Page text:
Here I provide the first, to my knowledge, formal, fundamental test of UCA, without assuming that sequence similarity implies genetic kinship. I test UCA by applying model selection theory to molecular phylogenies, focusing on a set of ubiquitously conserved proteins that are proposed to be orthologous. Among a wide range of biological models involving the independent ancestry of major taxonomic groups, the model selection tests are found to overwhelmingly support UCA irrespective of the presence of horizontal gene transfer and symbiotic fusion events. These results provide powerful statistical evidence corroborating the monophyly of all known life.

--A formal test of the theory of universal common ancestry

Formal positive proof of theories in science, outside of math, are rare to non-existent (what actually happens is that competing theories are disproved) and I don't think that this approach is different. It's not a formal proof, it's yet more powerful evidence that theories not involving a UCA suck.

A formal demonstration of the Universal Common Ancestry hypothesis has not been achieved and is unlikely to be feasible in principle. Nevertheless, the evidence in support of this hypothesis provided by comparative genomics is overwhelming.

--The common ancestry of life

  • $\begingroup$ Thank you for the detailed answer and references. I understand that most of the evidence comes from analysis of DNA/RNA, combined with knowledge of the evolutionary mechanisms at play. And we have concrete evidence for evolution at different levels (species we can observe), which I guess is extrapolated to the level of eukaryotes evolving into the different kingdoms, right? And before genetic evidence was available, it was just a speculation. $\endgroup$ – aditsu Dec 21 '18 at 18:06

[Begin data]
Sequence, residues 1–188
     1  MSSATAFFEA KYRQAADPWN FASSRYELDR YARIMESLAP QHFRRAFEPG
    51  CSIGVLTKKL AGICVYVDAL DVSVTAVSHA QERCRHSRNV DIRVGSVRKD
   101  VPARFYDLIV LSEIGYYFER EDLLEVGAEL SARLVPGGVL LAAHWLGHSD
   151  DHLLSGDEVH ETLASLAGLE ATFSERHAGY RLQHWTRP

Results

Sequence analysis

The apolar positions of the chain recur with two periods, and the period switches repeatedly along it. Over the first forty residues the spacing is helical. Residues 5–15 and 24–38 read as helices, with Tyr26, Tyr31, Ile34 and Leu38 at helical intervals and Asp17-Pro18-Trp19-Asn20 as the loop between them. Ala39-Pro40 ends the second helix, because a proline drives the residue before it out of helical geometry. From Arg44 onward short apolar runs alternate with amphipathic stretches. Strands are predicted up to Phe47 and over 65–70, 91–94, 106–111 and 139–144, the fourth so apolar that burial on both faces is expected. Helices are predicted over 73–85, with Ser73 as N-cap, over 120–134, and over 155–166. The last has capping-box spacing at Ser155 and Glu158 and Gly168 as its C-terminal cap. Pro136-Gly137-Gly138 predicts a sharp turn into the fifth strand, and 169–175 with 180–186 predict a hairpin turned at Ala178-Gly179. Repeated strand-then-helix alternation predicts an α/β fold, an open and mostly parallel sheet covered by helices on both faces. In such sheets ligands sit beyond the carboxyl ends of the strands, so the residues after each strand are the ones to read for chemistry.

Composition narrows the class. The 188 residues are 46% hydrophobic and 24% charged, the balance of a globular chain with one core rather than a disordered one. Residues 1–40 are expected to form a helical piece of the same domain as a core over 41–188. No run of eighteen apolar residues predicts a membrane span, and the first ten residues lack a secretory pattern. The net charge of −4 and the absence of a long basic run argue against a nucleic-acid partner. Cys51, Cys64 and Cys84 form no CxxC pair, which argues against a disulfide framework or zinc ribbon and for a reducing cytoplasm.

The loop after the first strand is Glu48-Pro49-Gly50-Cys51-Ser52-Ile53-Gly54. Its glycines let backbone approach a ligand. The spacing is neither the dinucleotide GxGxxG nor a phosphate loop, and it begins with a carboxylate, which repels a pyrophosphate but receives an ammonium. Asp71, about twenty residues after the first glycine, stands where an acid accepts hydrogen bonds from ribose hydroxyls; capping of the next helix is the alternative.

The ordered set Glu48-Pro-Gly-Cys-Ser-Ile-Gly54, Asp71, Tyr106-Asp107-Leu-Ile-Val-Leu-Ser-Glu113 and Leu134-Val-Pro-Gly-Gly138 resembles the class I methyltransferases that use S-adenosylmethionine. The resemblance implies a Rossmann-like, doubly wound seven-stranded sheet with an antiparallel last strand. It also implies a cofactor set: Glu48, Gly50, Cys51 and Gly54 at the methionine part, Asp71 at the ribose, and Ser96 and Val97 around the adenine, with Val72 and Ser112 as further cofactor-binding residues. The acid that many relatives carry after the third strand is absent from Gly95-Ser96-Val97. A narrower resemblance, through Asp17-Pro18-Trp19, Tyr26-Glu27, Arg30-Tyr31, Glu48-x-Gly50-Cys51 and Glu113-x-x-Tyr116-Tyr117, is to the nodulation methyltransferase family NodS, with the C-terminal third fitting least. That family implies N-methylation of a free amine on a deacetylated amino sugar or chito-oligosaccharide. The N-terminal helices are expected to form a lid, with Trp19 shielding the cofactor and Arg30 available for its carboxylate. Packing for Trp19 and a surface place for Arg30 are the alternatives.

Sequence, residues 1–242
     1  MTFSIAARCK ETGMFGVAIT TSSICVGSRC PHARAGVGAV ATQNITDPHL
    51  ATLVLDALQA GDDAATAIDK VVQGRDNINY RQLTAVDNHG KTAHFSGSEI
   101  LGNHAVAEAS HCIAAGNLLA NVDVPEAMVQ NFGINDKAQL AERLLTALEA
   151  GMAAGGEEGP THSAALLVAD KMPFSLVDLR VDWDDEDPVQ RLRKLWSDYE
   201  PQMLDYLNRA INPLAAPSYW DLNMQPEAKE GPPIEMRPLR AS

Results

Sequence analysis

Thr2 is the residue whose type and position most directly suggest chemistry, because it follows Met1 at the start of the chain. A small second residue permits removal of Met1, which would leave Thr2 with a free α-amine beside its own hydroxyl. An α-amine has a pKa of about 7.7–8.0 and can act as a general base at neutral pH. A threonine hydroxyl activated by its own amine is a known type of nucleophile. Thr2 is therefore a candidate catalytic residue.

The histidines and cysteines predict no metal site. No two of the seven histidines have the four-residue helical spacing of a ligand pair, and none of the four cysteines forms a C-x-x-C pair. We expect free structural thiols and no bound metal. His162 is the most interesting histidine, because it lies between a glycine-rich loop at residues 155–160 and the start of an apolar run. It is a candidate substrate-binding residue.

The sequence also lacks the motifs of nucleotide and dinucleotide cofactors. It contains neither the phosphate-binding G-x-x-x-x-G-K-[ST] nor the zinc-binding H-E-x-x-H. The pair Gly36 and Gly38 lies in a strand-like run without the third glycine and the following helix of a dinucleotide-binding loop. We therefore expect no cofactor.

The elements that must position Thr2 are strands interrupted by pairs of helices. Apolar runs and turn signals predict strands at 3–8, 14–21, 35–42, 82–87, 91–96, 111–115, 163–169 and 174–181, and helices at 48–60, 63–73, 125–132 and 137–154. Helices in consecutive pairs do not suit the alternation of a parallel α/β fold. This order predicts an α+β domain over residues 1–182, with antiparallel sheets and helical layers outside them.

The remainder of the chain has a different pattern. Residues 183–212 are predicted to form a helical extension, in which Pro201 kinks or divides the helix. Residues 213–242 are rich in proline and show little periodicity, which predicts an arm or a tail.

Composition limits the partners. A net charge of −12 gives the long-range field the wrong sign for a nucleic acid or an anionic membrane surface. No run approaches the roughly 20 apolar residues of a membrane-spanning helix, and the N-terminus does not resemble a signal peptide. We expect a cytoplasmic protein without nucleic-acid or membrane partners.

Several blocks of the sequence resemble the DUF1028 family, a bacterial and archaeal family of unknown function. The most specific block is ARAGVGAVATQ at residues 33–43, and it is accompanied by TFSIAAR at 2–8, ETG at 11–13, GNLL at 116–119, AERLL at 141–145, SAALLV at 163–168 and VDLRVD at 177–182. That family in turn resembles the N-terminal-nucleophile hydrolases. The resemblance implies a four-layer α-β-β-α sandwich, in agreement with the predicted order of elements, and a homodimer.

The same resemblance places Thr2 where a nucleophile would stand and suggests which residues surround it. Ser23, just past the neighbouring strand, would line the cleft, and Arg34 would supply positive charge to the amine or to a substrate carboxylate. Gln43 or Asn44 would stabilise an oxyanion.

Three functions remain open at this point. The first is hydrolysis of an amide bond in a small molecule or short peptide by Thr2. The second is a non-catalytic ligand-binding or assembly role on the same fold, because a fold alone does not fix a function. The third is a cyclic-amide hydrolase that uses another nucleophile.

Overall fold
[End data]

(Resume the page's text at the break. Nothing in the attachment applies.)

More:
• $\begingroup$ I was wondering if there's any other kind of evidence, such as from (micro)fossils, if there are any that can provide usable information. Either way, I'm not expecting an absolute/formal proof. $\endgroup$ – aditsu Dec 21 '18 at 18:09
  • 5
    $\begingroup$ Would not another piece of supporting evidence be the commonality of basic cell mechanisms, such as ion channels and the like? It would seem that either there was a common ancestor, there's only one way for life to work, or plants and animals happen to have developed the same mechanisms. $\endgroup$ – jamesqf Dec 21 '18 at 18:10
  • 2
    $\begingroup$ @jamesqf I guess that could also be counted as evidence, maybe you can explain it more and post it as an answer? It would be nice to find some references about that too. $\endgroup$ – aditsu Dec 21 '18 at 18:41
  • 2
    $\begingroup$ "...what actually happens is that competing theories are disproved..." No, what actually happens is the predictive power of a theory is tested. New hypotheses are developed based on what the theory implies, and those are tested. If the hypothesis is false (and the assertion that the theory implies it is true), the the theory can be rejected. If the theory is not subjected to such tests, it is untested and there's no reason to believe it. There would also be no value in believing such a theory, since it has not been demonstrated as an accurate predictive model. Anything less is not science. $\endgroup$ – jpmc26 Dec 21 '18 at 23:15

Your Answer

By clicking “Post Your Answer”, you agree to our terms of service, privacy policy and cookie policy

Not the answer you're looking for? Browse other questions tagged or ask your own question.